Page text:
Three Rivers
History From America's Most Famous Valleys

The History of Montgomery Classis, R.C.A.
by W.N.P. Dailey,
Recorder Press, Amsterdam, NY 1916
To which is added sketches of Mohawk Valley men and events of early days, the Iroquois, Palatines, Indian Missions, Tryon County, committee of Safety, Sir Wm. Johnson, Joseph Brant, Arendt Van Curler, Gen. Herkimer, Reformed Church in America, Doctrine and Progress, Revolutionary Residences, Etc.


The First Reformed (Dutch) church of Syracuse was organized by the Classis of Cayuga on March 10, 1848, the same year that Syracuse obtained its first charter, and was incorporated March 25, 1848. Among the original members both Salina and Syracuse (joined by the charter) were represented, while others came from the Dutch churches of Chittenango and Geneva, and a few from the First and Park Presbyterian churches of Syracuse. The services at the very beginning were held in Market Hall where the magnificent City Hall now stands. The services, however, were transferred to a frame chapel which had previously been used by the Baptists, Congregationalists, Methodists, Presbyterians, and Unitarians. Here the Reformed congregation worshipped for two years. In 1850 the church bought its present site and built a fine frame edifice which served them until February, 1878, when the church was burned. The original site and church cost $16,000. W. B. Van Wagenen and B. C. Vroman, elders, and Peter Burns and S. V. A. Featherly, deacons, made up the first consistory. After the burning of the church, plans were set on foot for rebuilding, with the result that the present beautiful and enduring stone church was dedicated in February, 1881. This church cost $60,000. At first the church was in the Cayuga Classis but was transferred to Montgomery in 1889. Rev. James H. Cornell was the first pastor (1848-1851), installed November 9, 1848. His father was Rev. John Cornell a student of Livingston, his mother being Maria Frelinghuysen, daughter of Gen. Frederick Frelinghuysen. After leaving Syracuse the had short pastorates at Raritan, N. J., and Coeymans, N. Y., spending his last years in this latter place. He died in 1899. Dr. Cornell is best remembered by the church at large as a good Secretary of the Board of Education, as well for his personal efforts and gifts which increased the Seminary endowment at New Brunswick for upwards of half a billion of dollars. It was during Cornell's pastorate that the first church was built, being dedicated July 16, 1850. In May, 1851, the consistory unanimously resolved to approve the action of the Classis of Cayuga which had officially and solemnly decreed that every minister that joined their body should thereby attain the degree of "Doctor of Divinity." Rev. J. Romeyn Berry followed Dr. Cornell (1851-1857). At this time the church reported a hundred and twenty members and at the close of his ministry a hundred and forty-nine. Dr. Berry was President of General Synod in 1890. He was a grandson of Rev. J. V. C. Romeyn and a great grandson of Rev. Thomas Romeyn (cf Fonda), whose four sons were in the Reformed church ministry. Dr. Berry had several pastorates; after leaving Syracuse, including one of eighteen years in the Montclair, N. J. Presbyterian church. His last charge was at Rhinebeck where he died in 1890. Following Dr. Berry, Prof. J. B. Condit of the Seminary at Auburn, supplied for a while. Rev. T. DeWitt Talmage came to the Syracuse church in 1859 from his first charge at Belleville, N. J. and remained thro the larger part of 1862. General Synod met in the church in 1861, and again in 1885. From Syracuse Dr. Talmage went to the Second church of Philadelphia for an eight year pastorate. The church had called him the year previously but he postponed going for a year. In 1869 he became the pastor of the Central Presbyterian church of Brooklyn, which church in 1870 became the "Brooklyn Tabernacle." Here he was pastor until 1894 when he went to the Presbyterian church of Washington, D. C. He died in 1902 in this pastorate. He was a preacher of worldwide reputation and influence. The late Rev. Frank Talmage was his son.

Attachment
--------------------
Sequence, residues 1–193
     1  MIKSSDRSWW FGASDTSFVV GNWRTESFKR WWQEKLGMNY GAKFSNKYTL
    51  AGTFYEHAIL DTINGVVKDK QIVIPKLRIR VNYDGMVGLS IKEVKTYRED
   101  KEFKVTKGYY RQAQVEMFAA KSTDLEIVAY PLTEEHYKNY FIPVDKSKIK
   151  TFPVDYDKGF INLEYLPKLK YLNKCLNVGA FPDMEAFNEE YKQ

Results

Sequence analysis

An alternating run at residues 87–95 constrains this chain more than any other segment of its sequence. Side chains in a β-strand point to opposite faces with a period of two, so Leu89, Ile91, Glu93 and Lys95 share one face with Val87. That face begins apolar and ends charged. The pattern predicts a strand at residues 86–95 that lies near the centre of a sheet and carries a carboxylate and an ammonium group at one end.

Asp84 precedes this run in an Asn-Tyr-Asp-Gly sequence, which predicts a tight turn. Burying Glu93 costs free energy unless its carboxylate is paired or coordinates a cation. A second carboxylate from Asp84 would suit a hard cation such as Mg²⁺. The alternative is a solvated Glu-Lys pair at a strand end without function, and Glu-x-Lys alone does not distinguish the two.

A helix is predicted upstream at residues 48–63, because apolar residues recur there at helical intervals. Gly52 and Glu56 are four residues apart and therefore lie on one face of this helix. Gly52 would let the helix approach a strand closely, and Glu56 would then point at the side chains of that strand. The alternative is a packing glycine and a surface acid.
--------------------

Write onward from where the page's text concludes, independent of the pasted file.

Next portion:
Rev. Joachim Elmendorf, who had already served the Reformed churches of Ithaca and Saugerties, was called to the church in 1862, and resigned in 1865. Leaving Syracuse Dr. Elmendorf became the pastor of the Second Church of Albany (1865-1872) and later of the Second Church of Poughkeepsie (1872-1886), leaving in the latter year to enter the Harlem Collegiate Church of New York City in which pastorate he died in 1908. Dr. Elmendorf was Press Agent of General Synod in 1872 and was a Rutgers trustee for nearly forty years. Rev. Jeremiah Searle was the succeeding pastor whose father of the same name, studied theology under Prof. Yates of Union College while pursuing a course there and whose brother, Rev. S. T. Searle, was the father of Rev. Dr. J. Preston Searle, President of the Faculty of New Brunswick Seminary. Leaving Syracuse Rev. Jeremiah Searle became the pastor of the Calvary Presbyterian church of Newburgh in 1873, and served this church for forty years, or until 1913, when he died. In the interim of the pastorate the pulpit was again supplied by Prof. Condit of Auburn Seminary. Rev. Martin Luther Berger was the sixth pastor of the Syracuse church, during whose time some two hundred were added to the membership. At the close of a seven year's work (1869-1875) he entered the Presbyterian church at San Francisco. He died in 1910. Prof. W. P. Coddington of Syracuse University supplied the pulpit until the coming to the field of Rev. Evert Van Slyke who was called in July, 1876, and remained nine years. It was during his pastorate that the church was burned, February 3, 1878, and the new present stone structure erected. Dr. Van Slyke left in April, 1885, and had later pastorates in Catskill and Brooklyn. He died in 1909. The church had no settled pastor now for about three years. Rev. Dr. Coddington of Syracuse University supplied the pulpit thro 1886-1888 when Rev. H. D. B. Mulford of Franklin Park, N. J. was called and came in 1889. He remained until 1897. During his pastorate and thro the efforts of his Christian Endeavor Society the Second church of Syracuse was organized in 1895. Two hundred and twenty additions to the church membership are recorded during Rev. Mulford's pastorate. Mr. Mulford next went to Rutgers as Professor of English. In 1912 he became the pastor of the Upper Red Hooke Reformed church. In November, 1897, Rev. Dr. Philip H. Cole became the pastor and remained ten years. Dr. Cole has been pastor since leaving Syracuse of the First Presbyterian church of Rome. Following Dr. Cole came Rev. Dr. John F. Dobbs (November, 1908) of Mott Haven, who remained until May, 1915, when he was dismissed to the Woburn (Mass.) Congregational Conference. Rev. Ulysses Grant Warren succeeded Dr. Dobbs, coming to the church from the Brooklyn Congregationalists in September, 1915. Hon. Nathan F. Graves, who endowed a Missionary Lectureship at the Syracuse University and another at New Brunswick, was a member of this church, and one of its officers for many years. Rev. Maltbie D. Babcock and Rev. Willard King Spencer (Auburn '79) were also in membership here.